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Thread: A guide to easy instant backups to a network drive.

  1. #1
    Join Date
    Nov 2005
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    Barcelona
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    254
    Distro
    Ubuntu 12.04 Precise Pangolin

    A guide to easy instant backups with a network drive.

    Chances are, if you have a number of desktops & laptops on a network and a network drive, you have wanted a simple and powerful way to do backups. This guide uses two tools, Samba's smbmount to mount the network drive on the local filesystem, and the amazingly useful grsync backup tool.

    Unfortunately, the current graphical interfaces to samba such as Places>Network> or within nautilus File>Connect to Server> will not allow you to use grsync. Rsync is an incredibly useful tool for backups, because it only requires you to write the files which have changed, making backups of many Gigabytes extremely easy (after the first, of course)

    The following command will install grsync, and smbmount on your machine:

    Code:
    sudo apt-get install smbfs grsync
    Now lets mount the network drive on the local filesystem. We will need to create a directory as mountpoint:

    Code:
    sudo mkdir /mnt/networkdrive
    Next we can mount a Samba share using smbmount. I am assuming your network drive has a share enabled, a folder which other computers on the network can see. Smbmount mounts a Samba share to your local file system as if it were a directory on your hard disk. now we're going to make a file with the username and the password to access this samba share. While you can specify the user name and the password directly in the command mountsmb command, that's not especially secure, since they are then recorded in the .bash_history file. For better security, save credentials in a text file:

    Code:
    sudo gedit /root/.smb_credentials
    and type in your username and password:

    Code:
    username=<my user name>
    password=<my password>
    Make sure it has a blank line at the end. Now make it unreadable except by root:

    Code:
    sudo chmod 600 /root/.smb_credentials
    next change the smbmount command to include your share details:

    Code:
    sudo smbmount //smb/share /mnt/networkdrive/ -o credentials=/root/.smb_credentials,uid=YourUserID,gid=YourGroupID 0 0
    //smb/share refers to the path to the samba share, it is likely an IP like //192.168.15.7/Documents/, and share is the name of the shared directory. /mnt/networkdrive refers to the mount point we created earlier. the uid and gid commands will allow you to mount it as your user rather than as root.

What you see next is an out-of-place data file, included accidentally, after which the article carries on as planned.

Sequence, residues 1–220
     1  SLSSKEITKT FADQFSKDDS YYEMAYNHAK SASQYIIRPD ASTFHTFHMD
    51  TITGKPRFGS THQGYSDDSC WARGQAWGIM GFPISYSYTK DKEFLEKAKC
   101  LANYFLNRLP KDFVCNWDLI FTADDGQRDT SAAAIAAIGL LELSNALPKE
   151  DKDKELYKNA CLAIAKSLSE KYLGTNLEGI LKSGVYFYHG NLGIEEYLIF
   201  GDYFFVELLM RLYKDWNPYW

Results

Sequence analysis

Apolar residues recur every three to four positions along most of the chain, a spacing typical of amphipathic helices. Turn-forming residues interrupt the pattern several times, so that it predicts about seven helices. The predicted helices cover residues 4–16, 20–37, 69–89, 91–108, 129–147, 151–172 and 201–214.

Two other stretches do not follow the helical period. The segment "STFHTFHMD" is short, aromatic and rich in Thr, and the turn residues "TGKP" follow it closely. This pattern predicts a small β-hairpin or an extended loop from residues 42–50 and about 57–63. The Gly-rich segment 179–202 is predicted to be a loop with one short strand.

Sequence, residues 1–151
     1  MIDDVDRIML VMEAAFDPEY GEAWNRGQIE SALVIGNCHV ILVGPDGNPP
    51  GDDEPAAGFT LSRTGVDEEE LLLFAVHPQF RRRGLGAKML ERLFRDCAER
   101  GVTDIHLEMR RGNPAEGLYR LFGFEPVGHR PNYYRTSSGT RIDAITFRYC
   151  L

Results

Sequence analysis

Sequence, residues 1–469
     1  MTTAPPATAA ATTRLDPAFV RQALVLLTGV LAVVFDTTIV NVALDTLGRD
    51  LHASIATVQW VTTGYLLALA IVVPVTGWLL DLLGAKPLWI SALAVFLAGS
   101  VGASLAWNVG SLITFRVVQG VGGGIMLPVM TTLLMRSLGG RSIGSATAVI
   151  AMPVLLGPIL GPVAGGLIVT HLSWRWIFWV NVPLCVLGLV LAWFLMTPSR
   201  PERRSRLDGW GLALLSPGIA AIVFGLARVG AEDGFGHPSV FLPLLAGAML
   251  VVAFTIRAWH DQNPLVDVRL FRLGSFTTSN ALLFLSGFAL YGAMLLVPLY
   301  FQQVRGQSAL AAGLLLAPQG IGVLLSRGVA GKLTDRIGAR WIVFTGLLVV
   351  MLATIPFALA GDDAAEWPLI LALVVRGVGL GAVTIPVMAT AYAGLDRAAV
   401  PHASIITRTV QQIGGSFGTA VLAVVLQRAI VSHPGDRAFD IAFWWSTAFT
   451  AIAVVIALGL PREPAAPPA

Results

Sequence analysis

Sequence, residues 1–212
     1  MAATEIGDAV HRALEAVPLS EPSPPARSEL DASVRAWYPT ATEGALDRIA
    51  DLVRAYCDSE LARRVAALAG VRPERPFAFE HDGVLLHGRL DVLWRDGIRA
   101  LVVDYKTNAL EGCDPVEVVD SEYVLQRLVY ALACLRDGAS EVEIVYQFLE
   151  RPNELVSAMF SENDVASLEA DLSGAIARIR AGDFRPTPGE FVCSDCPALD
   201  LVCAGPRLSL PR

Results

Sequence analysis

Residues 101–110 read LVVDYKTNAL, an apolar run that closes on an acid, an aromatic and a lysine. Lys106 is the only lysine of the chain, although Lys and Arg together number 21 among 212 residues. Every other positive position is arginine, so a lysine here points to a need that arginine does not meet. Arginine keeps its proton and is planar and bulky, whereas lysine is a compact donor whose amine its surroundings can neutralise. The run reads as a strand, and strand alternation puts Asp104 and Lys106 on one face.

if you get an error which reads:

    Code:
    mount error 20 = Not a directory
    Refer to the mount.cifs(8) manual page (e.g.man mount.cifs)
    or
    Code:
    mount error 5 = Input/output error

    then you will likely need to use these three commands:

    Code:
    sudo su
    echo 0 > /proc/fs/cifs/LinuxExtensionsEnabled
    exit
    before repeating the above smbmount command. I'm not really sure why, but it works for me in 8.04, 8.10, and 9.04 on various machines.

    Once the Samba share has been mounted, you can back up local files and directories on it using rsync, or grsync, the graphical front end to rsync. It also allows you to create and manage multiple backup profiles (called sessions). To create a new profile, press the program's Add button, give the profile a name, and press OK. You can then enter the paths to the source and destination directories and specify the desired options by ticking check boxes. If you are not sure what each check box does, hover the mouse over it to see a pop-up window with a brief explanation.

    That's all there is to it. Once you have the basic backup system in place, you can improve it. For example, you can create a simple bash script that runs the specified rsync commands, and you can schedule backups using tools like KCron.

    special thanks to Dmitri Popov on which this guide is largely based.
    Last edited by brallan; July 24th, 2009 at 11:01 AM.

  2. #2
    Join Date
    Nov 2005
    Location
    Barcelona
    Beans
    254
    Distro
    Ubuntu 12.04 Precise Pangolin

    Re: A guide to easy instant backups to a network drive.

    Go figure, I found out that the drive DOES get mounted when you use the Connect to Server option in nautilus, and that address is inside:

    ~/.gvfs/

    don't see it in nautilus? press "CTRL + h" to show hidden files and directories.

    that is to say, something like:

    /home/username/.gvfs/public en 192.168.15.99/

    ("en" is Spanish, in english its probably "in" "on" or "at".)

    if i am trying to access the files on:

    smb://192.168.15.99/public/

    and the above full /.gvfs/ address can be pasted into grsync and it works quite nicely as a proper mount point, taking out the unnecessary step of logging on as root and modifying that config file... unless of course, you want to back up your /home/username directory. In that case, it may give you errors by trying to recursively copy the .gvfs folder. The "don't leave filesystem" option in grsync may help, or else add the "additional options" under advanced options, type
    Code:
    --exclude=.gvfs
    hopefully one day this GUI will allow the ability choose the mountpoint - something easier to deal with like /mnt/networkdrive or /media/LANdisk and that nautilus will not hide its location, nor put it inside the /home directory, which you are very likely wanting to backup using a network drive.
    Last edited by brallan; August 10th, 2009 at 05:53 PM.

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